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New R&B Adds: dvsn, Gallant, Janet Jackson

dvsn - Sept. 5thdvsn is a R&B duo composed of Daniel Daley and produce Nineteen85. Recently signed to OVO, dvsn’s debut album Sept. 5th is reminiscent of the R&B from the 90s, but with a clear OVO-influence similar to the Majid Jordan’s debut album. Where that album often drowned in itself self-contained darkness, dvsn’s tracks often have an underlying upbeat that adds a layer of complexity to the music that Majid Jordan lack. dvsn’s style is encapsulated on the standout track “Too Deep” on which Daley voice is juxtaposed with a unidentified female vocal that recalls Inoj or Brownstone filtered through contemporary alt-R&B. Overall, Sept. 5th is the best album by an OVO affiliate that is not Drake or PARTYNEXTDOOR and is worth a listen. KEN

RIYL: Majid Jordan, Bryson Tiller, Drake, The Weeknd (mixtape-era)

Recommended Tracks: “Too Deep”(2), “Sept. 5th”(6), “Hallucinations” (7), “Another One” (8)

Gallant - Ology: Gallant’s debut album, Ology, begins with a red herring with “First” building into a dark climax before breaking into the light “Talking To Myself”. This kind of play feels inherent to Gallant’s musical style, with his delivery always feeling flexible, even in Ology’s heavier moments. An example of this would be on “Counting” where Gallant is being open about his struggles, but still gives off optimism, even if lyrically the track is dark. Over the course of Ology, Gallant tries on a variety of styles ranging from straight pop to the smooth R&B of the Groove Theory-sampling “Miyazaki”. Ology is a great first album from an artist who is still trying to figure out exactly what he wants to his place in music to be. KEN

RIYL: Luke James, Kehlani, Wet, Justin Bieber

Recommended Tracks: “Talking To Myself” (2), “Weight in Gold”(7), “Miyazaki” (9), “Counting” (10), “Episode” (8)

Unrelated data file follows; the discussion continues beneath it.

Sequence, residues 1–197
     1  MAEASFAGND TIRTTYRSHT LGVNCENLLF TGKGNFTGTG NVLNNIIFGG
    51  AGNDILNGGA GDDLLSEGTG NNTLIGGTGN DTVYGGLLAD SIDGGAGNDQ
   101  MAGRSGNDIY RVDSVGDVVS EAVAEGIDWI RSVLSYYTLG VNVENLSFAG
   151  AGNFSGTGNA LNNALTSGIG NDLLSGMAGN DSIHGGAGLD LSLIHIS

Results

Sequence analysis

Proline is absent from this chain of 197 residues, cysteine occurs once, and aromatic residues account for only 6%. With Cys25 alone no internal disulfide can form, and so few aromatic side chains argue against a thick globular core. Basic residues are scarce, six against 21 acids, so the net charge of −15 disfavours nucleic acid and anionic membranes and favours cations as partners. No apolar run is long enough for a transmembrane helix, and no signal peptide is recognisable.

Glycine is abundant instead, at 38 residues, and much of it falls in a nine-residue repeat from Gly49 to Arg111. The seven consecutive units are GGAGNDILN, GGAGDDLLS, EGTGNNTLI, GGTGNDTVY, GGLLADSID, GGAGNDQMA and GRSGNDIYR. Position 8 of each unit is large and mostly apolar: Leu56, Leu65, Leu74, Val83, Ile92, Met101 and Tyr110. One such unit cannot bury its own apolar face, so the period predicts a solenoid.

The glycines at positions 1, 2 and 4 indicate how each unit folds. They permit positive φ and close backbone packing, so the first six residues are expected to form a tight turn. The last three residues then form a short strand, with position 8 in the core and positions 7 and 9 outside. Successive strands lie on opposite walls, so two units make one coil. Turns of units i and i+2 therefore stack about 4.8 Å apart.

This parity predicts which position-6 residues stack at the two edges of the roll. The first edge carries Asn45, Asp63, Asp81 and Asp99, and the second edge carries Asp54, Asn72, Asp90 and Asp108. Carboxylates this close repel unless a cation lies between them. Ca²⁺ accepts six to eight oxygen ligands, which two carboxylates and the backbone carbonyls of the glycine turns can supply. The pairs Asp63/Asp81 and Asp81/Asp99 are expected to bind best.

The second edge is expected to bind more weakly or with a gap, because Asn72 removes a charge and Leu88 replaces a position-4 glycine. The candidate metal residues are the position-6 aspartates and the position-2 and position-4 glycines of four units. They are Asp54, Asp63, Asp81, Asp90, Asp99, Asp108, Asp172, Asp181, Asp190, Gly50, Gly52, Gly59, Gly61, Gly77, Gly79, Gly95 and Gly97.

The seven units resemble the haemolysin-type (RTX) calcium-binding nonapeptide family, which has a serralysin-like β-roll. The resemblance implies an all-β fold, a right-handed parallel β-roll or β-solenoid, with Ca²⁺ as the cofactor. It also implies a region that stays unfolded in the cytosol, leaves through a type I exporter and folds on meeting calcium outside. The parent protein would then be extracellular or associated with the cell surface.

Janet Jackson - Velvet RopeAs the first classic add to the R&B wall, Janet Jackson’s Velvet Rope seemed appropriate due to its huge influence on many major R&B and pop artists since its release in 1997. Coming off of her second self-titled album Janet, Jackson had taken on persona in her music, one that channeled her aggression not only for social justice, but also claiming of her body is a very public way. Janet was the first step in that direction, while The Velvet Rope serves as her most radical statement to date. On the album’s titular track Jackson reaches out her hand to the audience stating “if you have a special need/to feel that we belong/come with me inside/inside my velvet rope”. This album is not just about Jackson’s regaining her power, but about empowering all people that feel that they do not belong in society, all over 22 tracks (featuring way too many interludes) produced by Jimmy Jam and Terry Lewis as well as Jackson herself.  On “What About” Jackson speaks out against abuse, but then follows up by allowing herself to be sensitive on “I Get Lonely” three tracks later. “Together Again” takes the death of a loved one and turns it into a danceable track celebrating life, rather than wallowing in sadness. At its core, Velvet Rope is about pleasure and power, with Janet openly exploring her sexuality on “My Need”, “Go Deep”, “Free Xone”, even flirting with bisexuality and polyamory on “Tonight’s The Night”. Sonically, Velvet Rope utilizes samples as well as foreshadowing the genre-blending of contemporary R&B as shown on the Q-Tip assisted “Got ‘Til It’s Gone” featuring a Joni Mitchell sample from “Big Yellow Taxi”. Velvet Ropeprovided the context for much of the sexual empowerment we see in contemporary female, especially black female, artists that alone makes this a classic album, but nearly two decades later the production and lyrical content feel just as timely. KEN

RIYL: Rihanna, Beyonce, Solange, Kelela

Recommended Tracks: All, but especially “I Get Lonely” (18), “What About” (15), “Together Again” (11), and “Tonight’s The Night” (17)